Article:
Stefan Worburton: Freelancer of the Month
When did you realise that you wanted to be an editor? What was the reason?
Stefan Worburton: Growing up, I was an only child in a single-parent household, so I always found things to occupy my attention. I’ve tried everything from DJ’ing and photography to design and music production. I found editing just tricky enough to keep me interested and rewarding enough to keep doing it.
How did you learn post-production tools? Do you have your favourite software?
Alongside my degree, I signed up for my University’s Television Club. There I learned how to work with Adobe Premiere Pro, which at the time was not that popular, and also the basics of storytelling. We created comedic dramas, night-out promos, music shows and topical videos around the university.
What are you currently working on?
I have been working with a production company which is in the works on relaunching a top-rated YouTube channel in the New Year. I won’t spoil the surprise, but the stories are super inspiring.
‘The easiest way to become an editor is to make content that interests you.’
What’s the easiest way to become an editor? What would be your advice for an aspiring editor?
The easiest way to become an editor is to make content that interests you. This may mean finding organisations that appeal to your interests and offering to work with them or going out and shooting yourself. Advice for aspiring editors: having good communication skills from the start of your career will save you a lot of time and stress!
Is the media industry changing? If yes, what was the biggest shift you had to adapt to?
The media industry is constantly changing; it just depends on how rapid your current period of change is. Upskilling and reskilling have helped me in this sense – revisiting animation has been a significant benefit in the past few years.
How does a typical day as a freelancer look like in your case?
Are we talking about a perfect day? After a good night’s sleep, I wake up at 8 am and take a quick walk in the park to focus on myself. If it’s a gym day, I pass through and work out for a couple of hours. My usual work day starts at 10 am. I boot up my PC if I am working remotely or make my way to the client if I am working on-site. Evenings are usually spent at home playing video games with friends or out for the odd dinner!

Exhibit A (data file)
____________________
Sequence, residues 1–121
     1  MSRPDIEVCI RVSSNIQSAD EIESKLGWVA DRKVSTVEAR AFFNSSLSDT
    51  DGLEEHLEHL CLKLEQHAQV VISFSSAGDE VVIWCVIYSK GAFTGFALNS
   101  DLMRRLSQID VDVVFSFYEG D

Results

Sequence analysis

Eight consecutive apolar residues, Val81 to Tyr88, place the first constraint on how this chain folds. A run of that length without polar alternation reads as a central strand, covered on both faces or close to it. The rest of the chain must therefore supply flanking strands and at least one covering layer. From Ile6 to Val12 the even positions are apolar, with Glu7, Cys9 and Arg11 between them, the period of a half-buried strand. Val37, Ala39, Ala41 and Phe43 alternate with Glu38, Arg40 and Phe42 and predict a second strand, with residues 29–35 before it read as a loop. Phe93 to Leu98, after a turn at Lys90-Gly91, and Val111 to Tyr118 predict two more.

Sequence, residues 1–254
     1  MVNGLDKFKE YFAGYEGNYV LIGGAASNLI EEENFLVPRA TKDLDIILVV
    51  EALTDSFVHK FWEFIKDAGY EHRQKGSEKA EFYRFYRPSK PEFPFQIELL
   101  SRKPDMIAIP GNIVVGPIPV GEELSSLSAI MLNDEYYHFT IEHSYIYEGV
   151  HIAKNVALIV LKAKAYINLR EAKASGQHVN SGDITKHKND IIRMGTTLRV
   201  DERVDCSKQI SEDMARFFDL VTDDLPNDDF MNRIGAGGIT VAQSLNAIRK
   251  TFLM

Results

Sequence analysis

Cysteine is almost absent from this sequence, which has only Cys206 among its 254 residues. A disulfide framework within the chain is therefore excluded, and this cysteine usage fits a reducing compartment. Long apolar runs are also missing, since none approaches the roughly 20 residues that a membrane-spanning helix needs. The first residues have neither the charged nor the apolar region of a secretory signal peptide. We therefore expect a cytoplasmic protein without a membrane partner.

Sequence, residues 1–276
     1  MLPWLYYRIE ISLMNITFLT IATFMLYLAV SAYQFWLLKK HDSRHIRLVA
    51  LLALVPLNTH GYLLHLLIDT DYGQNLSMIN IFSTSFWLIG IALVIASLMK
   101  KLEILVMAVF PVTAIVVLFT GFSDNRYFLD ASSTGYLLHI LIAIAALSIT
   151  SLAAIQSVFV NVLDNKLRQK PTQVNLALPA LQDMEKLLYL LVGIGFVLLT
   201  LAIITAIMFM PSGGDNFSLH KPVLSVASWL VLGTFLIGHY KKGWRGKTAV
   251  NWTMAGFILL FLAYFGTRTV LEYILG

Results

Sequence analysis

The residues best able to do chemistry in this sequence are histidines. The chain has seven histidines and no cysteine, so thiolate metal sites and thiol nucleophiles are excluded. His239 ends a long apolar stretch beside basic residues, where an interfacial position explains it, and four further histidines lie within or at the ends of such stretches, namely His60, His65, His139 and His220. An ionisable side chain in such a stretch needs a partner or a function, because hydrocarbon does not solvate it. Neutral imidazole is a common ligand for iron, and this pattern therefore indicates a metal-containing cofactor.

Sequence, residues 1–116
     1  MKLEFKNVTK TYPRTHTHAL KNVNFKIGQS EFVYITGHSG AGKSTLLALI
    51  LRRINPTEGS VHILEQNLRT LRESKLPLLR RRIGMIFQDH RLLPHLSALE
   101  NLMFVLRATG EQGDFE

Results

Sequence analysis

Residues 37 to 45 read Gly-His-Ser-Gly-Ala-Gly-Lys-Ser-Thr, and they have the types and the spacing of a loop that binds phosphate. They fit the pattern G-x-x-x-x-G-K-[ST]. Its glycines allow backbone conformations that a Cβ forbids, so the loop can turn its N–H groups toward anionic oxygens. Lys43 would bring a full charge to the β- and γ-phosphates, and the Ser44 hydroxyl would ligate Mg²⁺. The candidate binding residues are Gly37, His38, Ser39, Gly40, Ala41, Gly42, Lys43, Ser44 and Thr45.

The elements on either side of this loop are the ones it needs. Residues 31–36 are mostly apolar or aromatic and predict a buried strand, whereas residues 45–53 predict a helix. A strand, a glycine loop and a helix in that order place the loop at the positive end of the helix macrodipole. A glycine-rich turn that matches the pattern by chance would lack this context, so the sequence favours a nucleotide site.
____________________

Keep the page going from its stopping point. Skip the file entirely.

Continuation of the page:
We have currently published a new TCC Self-Care Tips Series on our Instagram. The last one was dedicated to Editors, Colourists, Grades, Motion Graphic Designers, and everyone else who spends many hours in front of the computer screen. What’s your way of resting during work? What is most important in keeping a good work-life balance?
I have the luck of having a balcony where I live, so I can enjoy a nice view and fresh air at intervals as I work. I have found that looking at objects far into the distance can help against eye strain. With a work-life balance, I enjoy spending time with friends and playing sports when not at work.
What was the most challenging project you have worked on?
The most challenging project was working on a TV programme a few months back. With so much footage available, I found myself searching more than editing! It was a helpful experience, and I learned loads.
What is your favourite type of material to work with?
I’ve recently had the opportunity to do some sports editing! This is my favourite type of work as I can spend hours watching sports footage.
Why did you decide to collaborate with our agency?
I was recommended to The Crewing Company by someone I had worked with in a previous gig. What drew me was the slight personal touch each team has.
What is the most important aspect of working on commercial projects?
Adaptability is essential when working on commercial projects! Of all the projects I’ve done, no two are the same. Be prepared for the unexpected.
‘Strong communication skills! Before you open the software, you have to understand what the client wants […]’
What is most important when striving to become a successful Freelance Editor?
Strong communication skills! Before you open the software, you have to understand what the client wants, use references and get a clear idea of the feel of the project.
What would be your dream project?
Some form of long-term sports documentary!
What do you do in your free time? Do you have any hobbies?
My main hobbies are sports and video games. I love the competitiveness of both!
What is your favourite type of music or podcast that keeps you going?
No particular podcast or album is in mind, but I enjoy putting on Sky Sports during the day!